College Square

Published 30th August 2022

This major transformation at College Square unites two development sites as part of a combined regeneration in the heart of the city centre with the River Liffey approximately 140 m to the north and Trinity College immediately to the south.

Marlet Property Group acquired the College House site in 2016 and subsequently added the Apollo House site in 2018.
The dated, 1970’s era 10-storey offices on the sites were demolished in 2019, clearing the way for redevelopment to proceed. Award-winning architects Henry J Lyons and MOLA Architecture had originally designed two separate new 10-storey office buildings for the sites, but on amalgamating the plots, Marlet Property Group commissioned a redesign to create a single linked commercial scheme to an exceptionally high standard targeting LEED Platinum, providing 420,000 sq ft of Grade A office space and 21,000 sq ft of commercial ground floor areas. Waterman Moylan are providing all civil and structural engineering design services for Marlet Property Group.

A prominent feature on the city’s skyline

In December 2019, Dublin City Council issued a decision to grant planning permission for an additional 10-storey residential tower above the commercial block adjacent to Tara Street. Rising 20 storeys, and 78.95 m (262 ft) above street level, the new tower will provide 45 one-bedroom and nine two-bedroom units, all of which will benefit from 2,200 sq ft of internal communal amenity space, as well as external terrace areas. The tower has now been referred to the planning appeals board, and a decision is expected on this element of the scheme by mid-2020.

New public realm and entertainment venue

The office blocks sit above a new double-storey basement, which covers the full extent of the site and includes a 37,000 sq ft double-height entertainment venue as well as carparking, bicycle spaces and ancillary areas. In addition, there will be a new public plaza and pedestrian street through the heart of the development that will link the Tara Street rail station with the prominent College Green in front of Trinity College creating a new urban realm which will significantly improve the surrounding neighbourhood.
Extensive archaeological investigation was undertaken as part of the enabling works at the site. This investigation uncovered ruins of a structure which once served as a covert church for Catholics living in the south inner city. The church was first built on the site in 1709, in Penal times, when the practice of Catholicism was banned. The ruins have been preserved in record and carefully removed.

With the River Liffey being so close, sealing the perimeter of the site to prevent the ingress of ground water as the basement excavation proceeded was critical. A secant pile wall, with piles extending into the underlying limestone bedrock, was constructed around the perimeter of the site. Anchor ties were used to restrain the top of the piled wall, with glass fibre being adopted for the ties rather than the more normal steel rods, to avoid any difficulty with future excavations in the surrounding roads under which the anchor ties extend. Internal propping was used to stabilise the wall adjacent to neighbouring buildings.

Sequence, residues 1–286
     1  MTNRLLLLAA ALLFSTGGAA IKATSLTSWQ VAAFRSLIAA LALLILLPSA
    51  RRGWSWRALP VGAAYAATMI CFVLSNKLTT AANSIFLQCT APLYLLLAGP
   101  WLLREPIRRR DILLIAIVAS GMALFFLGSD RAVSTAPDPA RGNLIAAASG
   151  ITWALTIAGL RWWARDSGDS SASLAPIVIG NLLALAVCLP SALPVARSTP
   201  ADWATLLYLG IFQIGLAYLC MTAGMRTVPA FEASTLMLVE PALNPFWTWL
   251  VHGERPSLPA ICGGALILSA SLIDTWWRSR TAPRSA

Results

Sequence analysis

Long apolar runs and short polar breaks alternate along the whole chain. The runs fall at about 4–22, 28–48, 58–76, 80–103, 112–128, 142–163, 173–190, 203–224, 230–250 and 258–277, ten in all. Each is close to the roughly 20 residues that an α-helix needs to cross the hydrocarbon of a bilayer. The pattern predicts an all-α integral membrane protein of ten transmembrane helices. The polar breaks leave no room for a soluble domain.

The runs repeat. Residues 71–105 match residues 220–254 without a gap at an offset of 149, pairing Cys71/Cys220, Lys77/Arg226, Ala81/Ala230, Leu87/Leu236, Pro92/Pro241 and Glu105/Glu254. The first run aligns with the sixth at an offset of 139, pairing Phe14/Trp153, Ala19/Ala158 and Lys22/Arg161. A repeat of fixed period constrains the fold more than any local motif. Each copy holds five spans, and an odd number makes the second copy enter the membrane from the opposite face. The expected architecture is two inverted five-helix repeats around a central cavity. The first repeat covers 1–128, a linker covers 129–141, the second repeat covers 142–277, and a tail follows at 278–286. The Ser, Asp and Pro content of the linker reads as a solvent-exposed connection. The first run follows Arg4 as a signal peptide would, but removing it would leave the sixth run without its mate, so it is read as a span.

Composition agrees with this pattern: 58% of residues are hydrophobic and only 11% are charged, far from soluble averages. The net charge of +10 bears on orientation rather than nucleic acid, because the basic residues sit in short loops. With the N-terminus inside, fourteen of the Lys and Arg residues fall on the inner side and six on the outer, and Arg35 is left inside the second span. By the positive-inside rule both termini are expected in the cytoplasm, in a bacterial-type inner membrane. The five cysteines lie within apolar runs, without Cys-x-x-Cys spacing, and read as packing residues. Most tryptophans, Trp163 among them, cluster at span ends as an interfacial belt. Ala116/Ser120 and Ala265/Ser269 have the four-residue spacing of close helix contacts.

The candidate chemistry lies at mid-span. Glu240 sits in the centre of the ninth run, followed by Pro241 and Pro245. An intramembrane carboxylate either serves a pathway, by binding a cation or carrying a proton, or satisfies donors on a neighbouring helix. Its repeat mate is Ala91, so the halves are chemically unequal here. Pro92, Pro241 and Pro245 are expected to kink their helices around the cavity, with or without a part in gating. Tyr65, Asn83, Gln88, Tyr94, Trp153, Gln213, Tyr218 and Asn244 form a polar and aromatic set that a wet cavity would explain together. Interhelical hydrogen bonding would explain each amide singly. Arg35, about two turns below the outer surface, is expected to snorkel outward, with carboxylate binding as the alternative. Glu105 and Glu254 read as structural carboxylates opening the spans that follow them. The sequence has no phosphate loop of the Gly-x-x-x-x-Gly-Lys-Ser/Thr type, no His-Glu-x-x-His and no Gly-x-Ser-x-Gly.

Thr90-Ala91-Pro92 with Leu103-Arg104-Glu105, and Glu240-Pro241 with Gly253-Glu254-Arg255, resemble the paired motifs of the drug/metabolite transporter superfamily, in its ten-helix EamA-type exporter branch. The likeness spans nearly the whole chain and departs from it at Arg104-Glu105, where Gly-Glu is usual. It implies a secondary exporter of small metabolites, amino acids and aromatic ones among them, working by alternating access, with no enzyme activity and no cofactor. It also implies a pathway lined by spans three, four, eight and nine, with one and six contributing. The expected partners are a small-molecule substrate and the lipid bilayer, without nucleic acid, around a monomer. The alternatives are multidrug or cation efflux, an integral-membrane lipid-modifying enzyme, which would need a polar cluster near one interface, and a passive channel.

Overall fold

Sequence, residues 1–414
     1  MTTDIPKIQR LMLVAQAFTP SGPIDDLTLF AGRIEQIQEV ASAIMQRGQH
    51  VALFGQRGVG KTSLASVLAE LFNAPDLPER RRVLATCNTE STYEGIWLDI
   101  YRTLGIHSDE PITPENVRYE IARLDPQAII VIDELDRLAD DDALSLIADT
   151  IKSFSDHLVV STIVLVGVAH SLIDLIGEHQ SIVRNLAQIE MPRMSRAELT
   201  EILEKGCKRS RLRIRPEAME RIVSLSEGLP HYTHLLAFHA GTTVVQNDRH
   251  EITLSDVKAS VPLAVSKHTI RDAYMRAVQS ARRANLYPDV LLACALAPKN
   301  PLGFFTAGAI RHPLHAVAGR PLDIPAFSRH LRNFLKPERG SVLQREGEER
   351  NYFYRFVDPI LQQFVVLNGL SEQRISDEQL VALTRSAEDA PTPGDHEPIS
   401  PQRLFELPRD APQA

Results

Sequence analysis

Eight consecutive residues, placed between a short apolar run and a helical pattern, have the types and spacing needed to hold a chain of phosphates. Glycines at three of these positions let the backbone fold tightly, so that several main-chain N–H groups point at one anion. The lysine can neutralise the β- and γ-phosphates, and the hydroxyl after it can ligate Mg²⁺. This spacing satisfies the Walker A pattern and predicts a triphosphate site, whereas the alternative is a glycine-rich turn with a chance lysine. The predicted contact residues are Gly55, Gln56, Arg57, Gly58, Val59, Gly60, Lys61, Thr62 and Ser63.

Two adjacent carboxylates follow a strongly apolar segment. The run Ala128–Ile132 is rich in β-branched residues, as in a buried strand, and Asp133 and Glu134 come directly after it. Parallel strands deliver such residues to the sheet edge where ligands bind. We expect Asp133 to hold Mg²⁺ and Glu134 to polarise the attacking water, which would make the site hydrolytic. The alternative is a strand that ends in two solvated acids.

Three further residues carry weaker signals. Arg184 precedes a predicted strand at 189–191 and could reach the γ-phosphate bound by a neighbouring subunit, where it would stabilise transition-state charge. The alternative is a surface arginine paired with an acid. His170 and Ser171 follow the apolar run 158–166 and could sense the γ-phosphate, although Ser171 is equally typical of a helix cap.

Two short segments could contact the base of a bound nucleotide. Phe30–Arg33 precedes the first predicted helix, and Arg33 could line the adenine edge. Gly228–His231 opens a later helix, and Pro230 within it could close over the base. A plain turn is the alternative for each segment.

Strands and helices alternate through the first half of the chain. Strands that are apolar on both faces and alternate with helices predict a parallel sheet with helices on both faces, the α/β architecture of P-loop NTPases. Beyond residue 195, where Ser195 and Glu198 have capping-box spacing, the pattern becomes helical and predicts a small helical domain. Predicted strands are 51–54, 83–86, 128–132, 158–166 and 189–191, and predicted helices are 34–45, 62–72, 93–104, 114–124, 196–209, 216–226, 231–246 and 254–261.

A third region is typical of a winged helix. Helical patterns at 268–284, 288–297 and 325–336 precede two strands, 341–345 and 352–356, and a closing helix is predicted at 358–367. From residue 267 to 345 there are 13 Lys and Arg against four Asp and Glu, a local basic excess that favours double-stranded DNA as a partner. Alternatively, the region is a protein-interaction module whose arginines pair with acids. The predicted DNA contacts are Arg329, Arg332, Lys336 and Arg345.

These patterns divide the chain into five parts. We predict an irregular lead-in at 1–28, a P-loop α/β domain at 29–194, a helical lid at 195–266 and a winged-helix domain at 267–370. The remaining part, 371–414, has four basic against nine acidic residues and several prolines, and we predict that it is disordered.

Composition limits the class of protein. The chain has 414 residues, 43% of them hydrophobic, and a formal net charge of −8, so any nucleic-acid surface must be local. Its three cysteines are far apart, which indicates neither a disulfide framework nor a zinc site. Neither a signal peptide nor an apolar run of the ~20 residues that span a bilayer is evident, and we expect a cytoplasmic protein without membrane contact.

The team faced numerous challenges facilitating the enabling works and basement excavation, including diversion and decommissioning of major buried services and utilities. Close collaboration with the LUAS light rail system operator was also necessary to agree measures to be incorporated to protect the on-street rail line along the western boundary of the site.

The formation level for the new pads and rafts of the two-storey basement are set deep into the limestone bedrock strata and well below the tidal ground water table. As such, the basement is designed as a water resisting structure with reinforced concrete basement walls to incorporate an integral White Tank System to waterproof the below-ground structures.

Cost-efficient superstructure

We designed the superstructure for the commercial floors utilising an efficient concrete post-tensioned slab supported by a reinforced concrete frame. This proved to be the most cost-efficient solution, optimising slab depths and creating a more generous column grid spacing.

The terraces on the two top office floors have been designed using steel columns and efficient composite cellular beams around the perimeter of the setbacks, while maintaining the same column locations for internal bays as the floors below.

The positioning of the residential tower within the development was critical from an urban realm perspective. Its location over the office floorplate created structural challenges for our engineers. A common core for both the tower and the offices below will provide stability, while a steel frame truss structure will transfer vertical loads from the tower to the core, thus avoiding any impact on the office floor plates or basement car parking underneath the tower.

Client: Marlet Property Group
Architect: HJ Lyons